It’s only words

…and words are all I have. To take your heart away.

What? No. Nothing like that. Calm your loins, pet.

Linguistics. Linguistics and language, and this introduction:

Some data visualizations tell you something you never knew. Others tell you things you knew, but didn’t know you knew. This was the case for this visualization.

to this data visualization:


And yes, when you look at the individual letters and think about where you might be most likely to find them in words, you realise that you knew all this already, it’s just that no-one had ever presented it to you in data visualization form. Just like the quote at the top of the page.

There are several (or more) other interesting data visualisations on the prooffreader site, if you have some time to spare.

Literally every goat in the United States

Yes. You read right.
Literally every last one.


TIL: There are very few goats in Alaska.

America’s goat population is heavily concentrated in the Southwest, Texas in particular. Nearly 80 percent of America’s goats are raised for meat. Sixteen percent are raised for milk, with the remaining 6 percent is comprised of Angora goats raised for mohair.

Now we know (that there are 102% of goats in the USA).

More here.

Data Maps of London

Really interesting, this one. And nice to blog on a busy day because the explanatory work and analysis is all done for me on this BBC Magazine webpage. There are some fascinating insights into London life in the twelve separate infographics, maps and graphs, but there were two that stood out for me.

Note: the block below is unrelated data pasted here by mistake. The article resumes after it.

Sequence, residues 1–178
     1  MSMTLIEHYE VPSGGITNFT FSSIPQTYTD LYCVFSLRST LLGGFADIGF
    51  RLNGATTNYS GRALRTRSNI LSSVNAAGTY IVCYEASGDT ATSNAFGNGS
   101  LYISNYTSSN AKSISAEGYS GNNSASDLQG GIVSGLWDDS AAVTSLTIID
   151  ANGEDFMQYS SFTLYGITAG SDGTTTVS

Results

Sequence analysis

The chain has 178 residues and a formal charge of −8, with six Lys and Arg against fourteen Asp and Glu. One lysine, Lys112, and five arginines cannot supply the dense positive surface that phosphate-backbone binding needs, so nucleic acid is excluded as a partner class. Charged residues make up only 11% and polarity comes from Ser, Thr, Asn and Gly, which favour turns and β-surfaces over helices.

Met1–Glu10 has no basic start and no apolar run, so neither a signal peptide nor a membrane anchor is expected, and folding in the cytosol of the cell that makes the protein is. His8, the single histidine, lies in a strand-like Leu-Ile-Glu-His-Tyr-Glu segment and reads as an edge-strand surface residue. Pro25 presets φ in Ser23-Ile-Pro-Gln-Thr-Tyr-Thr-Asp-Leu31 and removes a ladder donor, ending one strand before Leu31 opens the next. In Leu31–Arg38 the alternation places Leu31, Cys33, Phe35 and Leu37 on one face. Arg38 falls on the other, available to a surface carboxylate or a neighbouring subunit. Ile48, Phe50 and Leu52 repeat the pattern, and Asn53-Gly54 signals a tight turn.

Firstly, this one, depicting the average monthly rents along the Central Line:


Not just because of the obvious trend of increasing rents as one heads towards the centre of the city, but also because of the clever way it has been expressed. And Bond Street, fully 30% ahead of its nearest rivals along Oxford Street, despite only being about a kilometre from each.
Right now, £4,200 is R74,251.04, by the way. For a two-bedroom flat. Per month.


So how come so many young, single people can afford to live in the centre of London? Because that’s what they do:


And then as their lives become bogged down, sensible and boring complete and filled with the love of another, and kids and beagles come along, they move further out so that they can maybe afford a small garden for their beagle to dig up and destroy.

As an indication of how we conform to the way our Western lives are supposed to work, it’s almost too perfect, isn’t it?

There’s more to see on that link: shipping, flickr, lost property, football clubs – it’s just really interesting if you like data and numbers. And especially so if you have a London connection, I suppose.